Specially crafted IPv6 packets can cause a kernel memory
leak and eventually a reboot in ALL VERSIONS of JUNOS released before May 10 2006
This issue affects all releases of JUNOS Internet Software running
on M-series, T-series, and J-series routers and built prior to May 10, 2006.
Affected JUNOS routers, when receiving certain IPv6 packets,
do not release the memory buffer occupied by the IPv6 packet.
Repeated reception of such packets can eventually consume all kernel packet
memory and cause the router to crash.
The JUNOS IPv6 code has been corrected to release the memory occupied
by the invalid packet in all cases. All releases of JUNOS software
built on or after May 10, 2006 include the corrected code. Corrective
software is available for JUNOS releases 6.4 through 8.0 inclusive."
You can get updated software at http://www.juniper.net.
If your not already a registered juniper customer you will need to register first.
"Customers without a JUNOS support or maintenance contract can gain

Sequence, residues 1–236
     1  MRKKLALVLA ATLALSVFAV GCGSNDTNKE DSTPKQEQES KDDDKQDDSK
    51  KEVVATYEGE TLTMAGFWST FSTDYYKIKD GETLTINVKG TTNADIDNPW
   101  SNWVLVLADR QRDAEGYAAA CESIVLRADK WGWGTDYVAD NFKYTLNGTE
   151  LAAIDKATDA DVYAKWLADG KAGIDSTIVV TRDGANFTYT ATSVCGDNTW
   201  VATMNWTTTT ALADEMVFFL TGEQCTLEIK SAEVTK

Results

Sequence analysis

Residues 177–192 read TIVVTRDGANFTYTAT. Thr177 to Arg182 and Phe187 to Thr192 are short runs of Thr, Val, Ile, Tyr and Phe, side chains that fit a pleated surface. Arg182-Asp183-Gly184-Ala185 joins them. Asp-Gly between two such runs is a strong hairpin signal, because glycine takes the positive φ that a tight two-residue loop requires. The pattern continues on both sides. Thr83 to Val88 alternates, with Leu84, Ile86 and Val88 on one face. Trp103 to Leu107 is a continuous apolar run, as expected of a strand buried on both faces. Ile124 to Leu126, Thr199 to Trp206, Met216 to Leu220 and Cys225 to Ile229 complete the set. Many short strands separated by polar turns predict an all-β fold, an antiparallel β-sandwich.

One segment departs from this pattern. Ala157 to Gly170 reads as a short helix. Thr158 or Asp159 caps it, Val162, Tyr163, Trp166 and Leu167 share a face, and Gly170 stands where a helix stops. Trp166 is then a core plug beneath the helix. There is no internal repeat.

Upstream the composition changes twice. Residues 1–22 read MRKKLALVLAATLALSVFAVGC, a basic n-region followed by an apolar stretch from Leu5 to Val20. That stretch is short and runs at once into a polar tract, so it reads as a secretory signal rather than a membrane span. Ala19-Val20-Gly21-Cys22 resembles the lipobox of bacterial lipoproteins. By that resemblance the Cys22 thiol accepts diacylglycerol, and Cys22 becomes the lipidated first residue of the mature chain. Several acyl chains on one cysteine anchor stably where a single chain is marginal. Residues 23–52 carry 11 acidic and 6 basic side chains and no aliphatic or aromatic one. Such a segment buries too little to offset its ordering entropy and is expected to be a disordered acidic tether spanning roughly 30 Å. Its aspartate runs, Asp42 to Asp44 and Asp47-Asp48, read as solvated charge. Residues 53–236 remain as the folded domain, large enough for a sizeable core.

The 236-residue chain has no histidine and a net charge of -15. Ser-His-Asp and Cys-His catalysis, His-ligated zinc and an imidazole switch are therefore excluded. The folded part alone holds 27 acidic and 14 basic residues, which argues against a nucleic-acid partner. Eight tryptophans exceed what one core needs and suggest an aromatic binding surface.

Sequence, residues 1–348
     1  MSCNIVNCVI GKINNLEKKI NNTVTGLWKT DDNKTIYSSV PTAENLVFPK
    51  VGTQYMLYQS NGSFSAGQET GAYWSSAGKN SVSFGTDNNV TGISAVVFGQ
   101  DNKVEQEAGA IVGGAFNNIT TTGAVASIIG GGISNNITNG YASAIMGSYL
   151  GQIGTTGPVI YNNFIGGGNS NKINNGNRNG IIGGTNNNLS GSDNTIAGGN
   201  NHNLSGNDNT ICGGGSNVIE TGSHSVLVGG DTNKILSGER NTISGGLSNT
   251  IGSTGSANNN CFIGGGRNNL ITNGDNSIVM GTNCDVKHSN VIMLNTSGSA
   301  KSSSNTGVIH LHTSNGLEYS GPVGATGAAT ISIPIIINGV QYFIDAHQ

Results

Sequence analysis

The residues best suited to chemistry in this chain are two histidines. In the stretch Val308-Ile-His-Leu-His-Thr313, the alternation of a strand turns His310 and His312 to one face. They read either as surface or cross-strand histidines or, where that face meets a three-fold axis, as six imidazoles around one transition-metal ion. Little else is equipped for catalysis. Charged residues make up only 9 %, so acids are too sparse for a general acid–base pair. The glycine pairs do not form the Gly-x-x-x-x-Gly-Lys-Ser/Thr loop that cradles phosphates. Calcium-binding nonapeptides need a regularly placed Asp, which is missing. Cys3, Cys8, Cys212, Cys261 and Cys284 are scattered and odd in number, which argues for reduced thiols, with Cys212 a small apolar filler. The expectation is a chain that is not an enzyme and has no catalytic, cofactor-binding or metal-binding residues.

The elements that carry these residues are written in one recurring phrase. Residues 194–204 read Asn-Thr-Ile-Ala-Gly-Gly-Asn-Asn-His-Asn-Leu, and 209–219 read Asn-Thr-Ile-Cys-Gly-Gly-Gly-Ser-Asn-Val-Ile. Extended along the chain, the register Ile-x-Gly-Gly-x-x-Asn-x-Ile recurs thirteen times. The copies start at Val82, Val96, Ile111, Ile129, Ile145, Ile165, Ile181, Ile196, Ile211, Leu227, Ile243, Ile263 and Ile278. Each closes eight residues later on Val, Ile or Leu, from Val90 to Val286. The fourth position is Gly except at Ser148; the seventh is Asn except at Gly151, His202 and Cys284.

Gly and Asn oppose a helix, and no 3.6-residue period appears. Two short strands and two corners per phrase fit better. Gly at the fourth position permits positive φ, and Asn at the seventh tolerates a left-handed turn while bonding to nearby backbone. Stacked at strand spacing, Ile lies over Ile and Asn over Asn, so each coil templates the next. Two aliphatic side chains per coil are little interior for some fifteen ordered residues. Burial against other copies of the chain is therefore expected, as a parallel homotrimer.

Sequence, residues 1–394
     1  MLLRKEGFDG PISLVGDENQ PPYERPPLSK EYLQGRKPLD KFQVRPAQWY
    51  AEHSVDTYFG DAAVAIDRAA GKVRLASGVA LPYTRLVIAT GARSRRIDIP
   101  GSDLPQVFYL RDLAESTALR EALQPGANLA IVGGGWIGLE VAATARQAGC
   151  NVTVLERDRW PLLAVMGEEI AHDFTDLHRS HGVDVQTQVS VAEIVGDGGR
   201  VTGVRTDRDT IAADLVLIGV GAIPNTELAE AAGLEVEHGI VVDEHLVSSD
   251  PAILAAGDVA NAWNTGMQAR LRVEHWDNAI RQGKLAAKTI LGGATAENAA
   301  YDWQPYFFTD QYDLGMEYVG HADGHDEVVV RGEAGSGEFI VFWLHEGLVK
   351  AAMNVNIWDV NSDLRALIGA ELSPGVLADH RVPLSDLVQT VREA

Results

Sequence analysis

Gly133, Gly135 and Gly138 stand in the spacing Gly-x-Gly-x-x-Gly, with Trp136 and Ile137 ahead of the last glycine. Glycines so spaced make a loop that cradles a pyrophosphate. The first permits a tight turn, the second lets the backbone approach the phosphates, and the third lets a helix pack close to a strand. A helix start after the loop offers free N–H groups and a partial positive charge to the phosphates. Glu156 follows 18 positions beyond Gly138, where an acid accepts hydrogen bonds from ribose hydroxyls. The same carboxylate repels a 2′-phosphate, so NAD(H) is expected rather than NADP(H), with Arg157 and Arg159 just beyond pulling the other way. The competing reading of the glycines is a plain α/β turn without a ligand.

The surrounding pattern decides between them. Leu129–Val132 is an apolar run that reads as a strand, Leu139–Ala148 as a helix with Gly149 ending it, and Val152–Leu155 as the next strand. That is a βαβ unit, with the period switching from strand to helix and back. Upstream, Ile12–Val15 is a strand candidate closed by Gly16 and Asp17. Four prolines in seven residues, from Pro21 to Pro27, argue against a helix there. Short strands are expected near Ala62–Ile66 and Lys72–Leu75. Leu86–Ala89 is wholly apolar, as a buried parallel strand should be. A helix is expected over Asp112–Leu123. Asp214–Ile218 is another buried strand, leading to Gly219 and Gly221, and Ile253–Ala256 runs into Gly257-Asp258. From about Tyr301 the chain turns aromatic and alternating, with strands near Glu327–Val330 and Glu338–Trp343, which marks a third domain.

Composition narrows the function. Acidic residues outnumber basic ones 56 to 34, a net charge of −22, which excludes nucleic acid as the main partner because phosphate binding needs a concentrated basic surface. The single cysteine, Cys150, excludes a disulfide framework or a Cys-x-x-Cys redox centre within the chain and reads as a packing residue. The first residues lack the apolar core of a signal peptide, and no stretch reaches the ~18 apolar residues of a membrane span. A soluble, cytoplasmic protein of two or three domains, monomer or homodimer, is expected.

access to corrective software by requesting a Juniper user account at
the following link: http://www.juniper.net/entitlement/setupAccountInfo.do
The account must be set up with Authorization Code: JNPRIPV6. After
receiving the user account information via email, customers can then
contact Juniper Support at 1-800-638-8296 (US and Canada) or
+1-408-745-9500 (worldwide) in order to obtain the
links to the appropriate software image."
If you do not need to process IPv6 packets remove family inet6 from the interface configurations.
After an attack:
You will see a kernel crash and you might see an "out of mbufs" message
in the sylog if the kernel had a chance to write that to syslog before it crashes.
During an attack:
Show system buffers will show the mbuf count getting smaller
JTAC bulletin PSN-2006-06-017